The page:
The continuing Covid-19 house clearout led to me finding a pile of business cards…
How many of these do you have in your collection?
The continuing Covid-19 house clearout led to me finding a pile of business cards…
|The first card, from 1990.
An X.400 email address, did anyone every think that would really catch on? Looks like we ran our own PRMD, unusual for a small business.
I wonder why our current meeting room is called the Enterprise?
|Steve joined the company and we started to bring a bit more colour into the re-designed logo.
Interestingly (for me anyway) is the ‘A= ‘
(yes that is a single space character after the = sign, if you didn’t put the space it would not work.)
|Whoops, time to change the name from X-Tel to Nexor (another company with a very similar name and logo noticed us, and the lawyers had a friendly chat!)… but we kept the same “look and feel”
Who were Mark400?
|Growing up in the World – a change of address as we moved off the university campus.
As well as turning sideways, looked like we changed X.400 ADMD service providers.
No Web address?
|By the time we moved to Rutherford house, looks like we had removed the graphics from the logo, and straightened the italics.
Looks like X.400 died, as did Nexor.co.uk, and we became a .com.
|In a word, ‘the pink era’…|
|Gosh, the scanner really can’t cope with the grey header.
LinkedIn made an appearance
|Initially available as black on white, but quickly changed.
Twitter makes an appearance.
If you have a black on white one it has rarity value – please send me an image!
|Bringing it right up to date.
Seem’s someone didn’t like the icons.
Twitter has taken a backseat too.
How many of these do you have in your collection?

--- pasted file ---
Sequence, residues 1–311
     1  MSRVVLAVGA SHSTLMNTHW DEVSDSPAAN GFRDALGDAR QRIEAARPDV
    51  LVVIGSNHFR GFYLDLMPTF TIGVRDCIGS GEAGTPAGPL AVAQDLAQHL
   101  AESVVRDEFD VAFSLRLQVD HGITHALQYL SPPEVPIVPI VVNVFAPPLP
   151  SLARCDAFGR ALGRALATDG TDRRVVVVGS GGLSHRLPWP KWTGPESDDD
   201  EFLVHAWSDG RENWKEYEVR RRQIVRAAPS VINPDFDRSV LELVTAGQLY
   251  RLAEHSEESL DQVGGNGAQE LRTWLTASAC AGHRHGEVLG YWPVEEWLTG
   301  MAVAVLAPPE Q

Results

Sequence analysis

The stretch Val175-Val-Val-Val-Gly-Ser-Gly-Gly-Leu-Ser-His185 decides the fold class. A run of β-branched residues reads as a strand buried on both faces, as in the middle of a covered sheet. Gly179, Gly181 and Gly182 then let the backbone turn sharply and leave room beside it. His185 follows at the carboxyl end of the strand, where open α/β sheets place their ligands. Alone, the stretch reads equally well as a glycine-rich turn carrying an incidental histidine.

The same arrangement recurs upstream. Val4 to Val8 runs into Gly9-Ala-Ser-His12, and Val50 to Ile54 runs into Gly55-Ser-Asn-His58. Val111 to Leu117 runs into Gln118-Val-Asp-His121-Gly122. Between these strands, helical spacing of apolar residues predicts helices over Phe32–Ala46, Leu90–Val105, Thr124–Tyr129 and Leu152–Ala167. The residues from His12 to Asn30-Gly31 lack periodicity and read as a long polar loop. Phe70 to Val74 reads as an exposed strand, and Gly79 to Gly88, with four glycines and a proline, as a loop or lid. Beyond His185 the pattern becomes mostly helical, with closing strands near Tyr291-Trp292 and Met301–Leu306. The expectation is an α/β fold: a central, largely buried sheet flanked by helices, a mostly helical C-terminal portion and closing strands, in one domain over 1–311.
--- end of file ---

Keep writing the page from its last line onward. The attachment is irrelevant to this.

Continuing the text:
This month marks 20 years since the ILOVEYOU virus hit computer networks. For me, it represented a milestone in my security career. Up until that point security was a technical challenge, solving challenges associate with the global distribution of public keys for secure email exchange. (Aside, I’ve blogged on this many times, it is a challenge still not resolved in a usable way today).
My first exposure to ILOVEYOU is when the Nexor CEO came into our office confessing he may have clicked something, and his computer was now behaving strangely. The remedy was fairly easy, disconnect from the network and rebuild the PC. To be honest, as a technologist, it was quite exciting at the time, seeing a real live virus in action.
The learning was more important. Security was about far more than technology. It’s also about people and process.
I could go on about how the CEO should not have clicked the link, but the last 20 years have shown those links will still be clicked no matter how much education we try. Don’t get me wrong. Education is still vital and will reduce the number of incidents, but incidents will still happen.
The more interesting part of the 20 year old incident, was the learning around incident response. We were able to contain the incident, be we (sort of) knew what were doing and took no risks – we went for a rebuild, despite the inconvenience to the CEO. What we had unwittingly created was an early example of an “incident response plan”. This was about process and relatively simple technical steps (rebuild a PC) and some post event briefings. It was not long after that I started to understand where emerging standards like BS7799, which became ISO 27001, fitted in the over all security story.